Given that Andrew Lloyd Webber’s back catalogue includes musicals about randy trains (Starlight Express) and a feline death cult (Cats), it’s kind of surprising that his weirdest ever show is about the relatively normal subject of love affairs in rural France. But with its skin-crawlingly uncomfortable age-gap romances, Aspects of Love still finds plenty of ways to disconcert an audience lured in by the star appeal of musical theatre legend Michael Ball.

When it premiered in 1989, Ball played the role of smitten young soldier Alex. His big number, “Love Changes Everything”, made a dent in the UK singles chart and became one of his signature songs. Superficially, it makes perfect sense to revive this show now that Ball’s old enough to play another of the show’s pivotal roles: Alex’s rival in love, his rakish uncle George. He’s on wonderful form here, blending spine-tingling moments of virtuosity with the more low-key naturalness this musical’s nimble score demands. But alas, the casting is pretty much the only thing that makes sense about this wild narrative of bohemian bed-hopping.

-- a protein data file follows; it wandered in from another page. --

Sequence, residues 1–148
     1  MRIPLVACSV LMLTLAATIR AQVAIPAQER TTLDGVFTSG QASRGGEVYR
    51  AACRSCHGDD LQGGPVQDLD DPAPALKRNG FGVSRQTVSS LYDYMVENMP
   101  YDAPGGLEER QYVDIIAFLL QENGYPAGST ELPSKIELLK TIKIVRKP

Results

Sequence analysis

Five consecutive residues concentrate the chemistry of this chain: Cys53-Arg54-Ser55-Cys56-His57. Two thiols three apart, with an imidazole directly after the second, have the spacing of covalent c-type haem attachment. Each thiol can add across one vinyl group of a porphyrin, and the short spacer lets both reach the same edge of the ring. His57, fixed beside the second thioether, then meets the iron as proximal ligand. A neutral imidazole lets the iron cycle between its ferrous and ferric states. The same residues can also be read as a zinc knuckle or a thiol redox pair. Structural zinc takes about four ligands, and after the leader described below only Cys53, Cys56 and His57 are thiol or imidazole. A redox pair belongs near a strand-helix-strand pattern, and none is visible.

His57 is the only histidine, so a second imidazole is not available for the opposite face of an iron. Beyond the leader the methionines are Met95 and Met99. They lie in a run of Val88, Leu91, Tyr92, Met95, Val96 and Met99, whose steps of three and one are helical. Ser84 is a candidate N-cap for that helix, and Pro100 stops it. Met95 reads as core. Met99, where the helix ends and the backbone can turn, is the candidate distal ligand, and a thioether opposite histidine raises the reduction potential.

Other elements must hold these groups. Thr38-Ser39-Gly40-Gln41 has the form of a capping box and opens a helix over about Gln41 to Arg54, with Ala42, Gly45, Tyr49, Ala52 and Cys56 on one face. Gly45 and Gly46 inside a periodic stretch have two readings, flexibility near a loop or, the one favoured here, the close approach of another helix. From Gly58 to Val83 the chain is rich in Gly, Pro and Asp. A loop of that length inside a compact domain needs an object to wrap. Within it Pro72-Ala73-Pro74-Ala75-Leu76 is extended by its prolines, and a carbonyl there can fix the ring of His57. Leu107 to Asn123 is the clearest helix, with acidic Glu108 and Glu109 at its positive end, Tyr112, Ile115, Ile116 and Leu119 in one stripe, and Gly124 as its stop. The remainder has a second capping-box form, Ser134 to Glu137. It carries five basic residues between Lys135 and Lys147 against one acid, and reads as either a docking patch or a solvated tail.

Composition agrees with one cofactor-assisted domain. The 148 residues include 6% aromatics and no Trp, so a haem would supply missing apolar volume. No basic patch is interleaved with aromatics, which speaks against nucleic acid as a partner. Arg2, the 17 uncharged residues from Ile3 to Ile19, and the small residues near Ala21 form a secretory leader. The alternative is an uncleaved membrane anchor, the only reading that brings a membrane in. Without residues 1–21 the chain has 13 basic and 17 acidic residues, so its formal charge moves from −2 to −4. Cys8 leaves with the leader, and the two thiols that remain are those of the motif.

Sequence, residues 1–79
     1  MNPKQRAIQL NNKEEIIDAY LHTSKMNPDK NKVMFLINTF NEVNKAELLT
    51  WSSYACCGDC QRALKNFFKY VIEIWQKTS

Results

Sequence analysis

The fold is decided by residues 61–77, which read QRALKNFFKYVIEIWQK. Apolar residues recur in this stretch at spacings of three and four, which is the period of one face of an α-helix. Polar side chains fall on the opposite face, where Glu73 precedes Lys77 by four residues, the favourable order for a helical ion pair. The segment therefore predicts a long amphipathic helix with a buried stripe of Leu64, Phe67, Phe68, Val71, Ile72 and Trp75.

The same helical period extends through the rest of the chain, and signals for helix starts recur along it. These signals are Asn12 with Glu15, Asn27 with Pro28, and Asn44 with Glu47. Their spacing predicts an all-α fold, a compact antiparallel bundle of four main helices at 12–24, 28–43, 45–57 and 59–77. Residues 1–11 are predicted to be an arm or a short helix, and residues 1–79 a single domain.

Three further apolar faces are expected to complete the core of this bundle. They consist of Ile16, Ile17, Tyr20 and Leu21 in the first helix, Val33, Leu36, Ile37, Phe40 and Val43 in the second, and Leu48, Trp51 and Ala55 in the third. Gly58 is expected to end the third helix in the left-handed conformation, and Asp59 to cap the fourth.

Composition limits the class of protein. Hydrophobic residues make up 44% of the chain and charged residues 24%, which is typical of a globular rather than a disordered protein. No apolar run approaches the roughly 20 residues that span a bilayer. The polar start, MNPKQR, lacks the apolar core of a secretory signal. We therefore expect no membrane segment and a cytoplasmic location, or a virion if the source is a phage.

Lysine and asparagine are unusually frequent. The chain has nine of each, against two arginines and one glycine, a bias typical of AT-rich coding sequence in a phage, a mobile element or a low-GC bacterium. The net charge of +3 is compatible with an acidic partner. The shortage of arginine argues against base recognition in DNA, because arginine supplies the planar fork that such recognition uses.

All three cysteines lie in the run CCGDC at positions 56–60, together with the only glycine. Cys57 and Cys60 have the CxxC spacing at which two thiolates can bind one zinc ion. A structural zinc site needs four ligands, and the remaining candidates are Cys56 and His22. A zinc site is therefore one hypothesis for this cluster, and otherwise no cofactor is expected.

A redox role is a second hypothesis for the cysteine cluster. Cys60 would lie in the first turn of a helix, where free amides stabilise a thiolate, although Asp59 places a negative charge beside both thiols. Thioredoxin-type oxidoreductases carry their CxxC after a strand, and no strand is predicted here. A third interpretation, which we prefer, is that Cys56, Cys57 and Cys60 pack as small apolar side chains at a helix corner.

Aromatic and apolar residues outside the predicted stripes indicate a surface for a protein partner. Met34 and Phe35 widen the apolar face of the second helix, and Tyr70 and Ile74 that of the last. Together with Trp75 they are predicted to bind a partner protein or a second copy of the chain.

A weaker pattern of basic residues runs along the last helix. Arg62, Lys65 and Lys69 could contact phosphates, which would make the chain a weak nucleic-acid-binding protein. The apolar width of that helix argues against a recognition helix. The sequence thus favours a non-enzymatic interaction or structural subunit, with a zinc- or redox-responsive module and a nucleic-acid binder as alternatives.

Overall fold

The romantic chaos begins in Paris: starstruck 18-year-old American Alex (Jamie Bogyo) assails broke young actress Rose (the stellar, achingly vulnerable Laura Pitt-Pulford) with flowers and puppy dog eyes, coaxing her to his uncle’s villa in the Pyrenees. Lloyd Webber’s gorgeous, mostly sung-through score showcases his talents at their most subtle and conversational. The jaunty notes of “Parlez-vous Francais”, playing on the radio in a late-night cafe, blend artfully with these lovers’ more fraught negotiations. But Don Black and Charles Hart’s trite lyrics don’t match the music’s subtlety. Take the show’s pivotal line, “Love changes everything, hands and faces, earth and sky”, an unappetising word salad: by hands, do they mean an awkward lover’s sweaty palms? Does love fertilise the earth so perfect red roses can bloom?

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